Why The Net Matters: How the Internet Will Save Civilizationis a digital book/iPad app that develops a new kind of way to navigate a non-fiction argument, to zoom in and out on 3D interactive figures, and to navigate with random-access chapters. This is not an iBook, but instead a new species of book. You can pick up Why The Net Matters as an iPad app on the iTunes Store or as an ebook on Amazon.
"Some of the most fascinating books around aren't books; they're superbooks -- books with so much functionality that they're sold as apps. Consider David Eagleman's Why the Net Matters, a book about the Internet with photos, animation and even 3D." - New York Times
"This is an impressive and intriguing work" - Telegraph (UK)
"I read it in one sitting, engrossed.... This bold restatement of the political and social potential of the web was useful and intelligent in its simplicity." - BookFutures.
"A very enjoyable app with Eagleman's ideas very accessible and engaging." - FutureBook
"Why the Net Matters on the iPad is a breakthrough work, showing the way for generations of digital books to come. Text has never been so spectacularly illustrated; intellectual argument has never been so fluidly designed. And Eagleman's message is as revolutionary as his format: The Internet protects civilization from collapse without even trying." - Stewart Brand, President, The Long Now Foundation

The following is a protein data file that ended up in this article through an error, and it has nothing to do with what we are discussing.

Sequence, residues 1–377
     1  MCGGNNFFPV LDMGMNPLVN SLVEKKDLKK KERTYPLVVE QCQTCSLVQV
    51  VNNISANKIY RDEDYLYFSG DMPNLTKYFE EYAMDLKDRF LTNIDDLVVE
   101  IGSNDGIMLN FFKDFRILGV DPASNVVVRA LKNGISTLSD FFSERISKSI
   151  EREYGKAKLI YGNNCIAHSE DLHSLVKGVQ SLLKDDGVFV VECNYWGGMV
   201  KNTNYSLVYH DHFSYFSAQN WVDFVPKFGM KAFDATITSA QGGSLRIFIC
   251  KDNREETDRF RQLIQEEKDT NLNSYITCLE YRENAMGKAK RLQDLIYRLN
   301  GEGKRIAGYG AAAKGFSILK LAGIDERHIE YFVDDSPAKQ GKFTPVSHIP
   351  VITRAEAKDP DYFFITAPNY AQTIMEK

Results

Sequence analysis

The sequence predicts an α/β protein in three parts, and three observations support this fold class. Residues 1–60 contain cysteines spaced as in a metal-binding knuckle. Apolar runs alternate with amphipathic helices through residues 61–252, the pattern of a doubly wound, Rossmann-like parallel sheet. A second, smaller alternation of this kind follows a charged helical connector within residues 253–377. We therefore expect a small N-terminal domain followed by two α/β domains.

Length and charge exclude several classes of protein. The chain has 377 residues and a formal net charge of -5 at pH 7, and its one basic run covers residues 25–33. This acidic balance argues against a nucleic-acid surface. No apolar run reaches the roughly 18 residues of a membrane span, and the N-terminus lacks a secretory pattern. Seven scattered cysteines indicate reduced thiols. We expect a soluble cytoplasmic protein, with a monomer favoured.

What's the book about?Why the Net Matters argues that the advent of the internet sidesteps the dangers that brought down previous civilizations. If you'd like a taste of the content, here's a talk I delivered at the Long Now Foundation (For over a week this was the most watched video on fora.tv, and was ranked the #8 technology talk of 2010)
SUM has been turned into an opera at the Royal Opera House in London (Composer: Max Richter, Director: Wayne McGregor). The London Evening Standard hails the opera as "immersive, meditative and sweetly fascinating". Read about the background of the collaboration in Wired.
Science Educator Award
David has won the Science Educator Award from the Society of Neuroscience.
David has been named a John Simon Guggenheim Fellow. He will use the fellowship opportunity to pursue the genetics and neuroimaging of synesthesia.